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Is std::string a container class in standard c++ library, restricted to hold only char elements?

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4 Answers 4

up vote 13 down vote accepted

It's a typedef of std::basic_string<char>, actually. std::basic_string is a container class specifically designed for string operations. This container can be used for wide characters (wchar_t) as well; for that case its typedef would be wstring.

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A std::basic_string<> is a class that is very much like a sequence container. Note that std::basic_string can contain any POD type, not just elements of type char (which is what a std::string is) or wchar_t (std::wstring).

I believe that a basic_string supports all the operations of a sequence container. However, note that by definition a container type can hold any assignable and copy-constructable types - not just POD types. So a basic_string is very much like a container, but strictly speaking it's not a container.

In other words there are types that can be used with a container that cannot be used with a basic_string. But for those types that can be used with a basic_string, the std::basic_string provides the full interface of a sequence container (I think) plus additional functionality.

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Michael, please correct in if I'm wrong. Your answer seems contradictory with these statements. - Note that std::basic_string can contain any POD type, not just elements of type char. - there are types that can be used with a container that cannot be used with a basic_string. So the questions now is whether std::basic_string can hold any type, primitive or otherwise. If yes, only then std::basic_string behaves like a true STL container. –  Ankur Nov 25 '09 at 4:54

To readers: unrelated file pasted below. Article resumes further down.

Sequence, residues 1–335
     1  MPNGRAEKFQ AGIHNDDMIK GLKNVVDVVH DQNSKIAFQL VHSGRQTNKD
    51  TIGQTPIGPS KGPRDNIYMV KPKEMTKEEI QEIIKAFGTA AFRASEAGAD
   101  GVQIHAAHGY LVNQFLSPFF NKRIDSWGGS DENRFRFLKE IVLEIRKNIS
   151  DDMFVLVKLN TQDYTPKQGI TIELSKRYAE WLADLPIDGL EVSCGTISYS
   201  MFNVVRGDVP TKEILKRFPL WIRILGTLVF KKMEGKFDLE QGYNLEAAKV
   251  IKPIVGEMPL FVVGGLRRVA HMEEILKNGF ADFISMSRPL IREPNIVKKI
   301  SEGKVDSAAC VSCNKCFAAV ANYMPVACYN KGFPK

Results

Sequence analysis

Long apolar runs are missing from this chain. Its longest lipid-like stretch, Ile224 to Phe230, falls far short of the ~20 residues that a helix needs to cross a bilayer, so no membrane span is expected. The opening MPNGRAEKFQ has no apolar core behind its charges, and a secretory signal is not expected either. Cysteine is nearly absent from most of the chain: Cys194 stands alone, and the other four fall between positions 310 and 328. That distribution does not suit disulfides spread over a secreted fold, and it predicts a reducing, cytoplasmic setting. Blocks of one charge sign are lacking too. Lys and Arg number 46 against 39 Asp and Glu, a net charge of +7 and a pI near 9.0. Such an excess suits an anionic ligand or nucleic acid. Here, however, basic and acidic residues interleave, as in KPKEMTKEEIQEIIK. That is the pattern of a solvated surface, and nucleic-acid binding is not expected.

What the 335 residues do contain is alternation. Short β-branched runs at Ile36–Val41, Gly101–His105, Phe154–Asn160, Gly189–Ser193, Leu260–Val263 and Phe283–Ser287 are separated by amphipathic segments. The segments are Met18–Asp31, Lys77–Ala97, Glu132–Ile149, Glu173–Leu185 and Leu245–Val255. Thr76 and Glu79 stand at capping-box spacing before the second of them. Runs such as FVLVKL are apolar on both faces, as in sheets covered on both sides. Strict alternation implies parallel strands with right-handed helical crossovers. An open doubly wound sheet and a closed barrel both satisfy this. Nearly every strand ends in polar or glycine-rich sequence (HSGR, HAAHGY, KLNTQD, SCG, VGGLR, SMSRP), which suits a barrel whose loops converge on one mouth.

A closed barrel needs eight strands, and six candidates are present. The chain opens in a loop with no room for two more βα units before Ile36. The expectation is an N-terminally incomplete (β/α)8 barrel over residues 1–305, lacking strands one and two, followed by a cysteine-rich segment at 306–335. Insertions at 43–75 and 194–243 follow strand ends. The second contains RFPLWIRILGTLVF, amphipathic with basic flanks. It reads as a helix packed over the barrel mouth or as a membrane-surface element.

@Ankur - I'm not exactly sure what you're asking. basic_string<> cannot hold non-POD types which a container like vector<> could hold. But for POD types (like a plain-old struct) you can have a std::basic_string<mystruct_t>. To be honest, I'm just going by what the standard says - it looks like after a bit of experimentation, some compilers (GCC 3.4.5 and Comeau) will accept at least simple non-POD types as a type used for basic_string<> and some compilers won't accept a simple aggregate POD type (Digital Mars, VC6). VC9 behaves as the standard seems to call for. –  Michael Burr Nov 25 '09 at 6:18
    
@Michael. Okay, I think I got it now. BTW, what does POD type mean. Does it mean primitive data types(such as int, char) or more? –  Ankur Nov 25 '09 at 17:40
1  
@Anku: Plain Old Data - a C++98 concept that indicates simple types. POD types cannot have virtual functions, and can be safely memcpy'd, for instance. –  MSalters Nov 26 '09 at 14:35

std::string as a typedef for basic_string<char, std::char_traits<char>, std::allocator<char> > is pretty much limited to the char type.

However, I don't think basic_string itself is necessarily limited to only character types (though, as the name suggests, it might be intended to be used for string data).

#include <string>
#include <cassert>

int main()
{
    std::basic_string<int> numbers_1, numbers_2;
    numbers_1 += 1;
    numbers_2 += 2;
    std::basic_string<int> numbers_3 = numbers_1 + numbers_2 + 3;
    unsigned pos = numbers_3.find(10);
    assert(pos == std::basic_string<int>::npos);
}
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std::string is a basic_string. It's not necessarily a char, but it has to follow the char traits http://www.cplusplus.com/reference/string/char%5Ftraits/

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No, std::string is a std::basic_string<char, std::char_traits<char>, std::allocator<char> >, which is absolutely restricted to char. –  Lightness Races in Orbit Jun 9 '11 at 14:48

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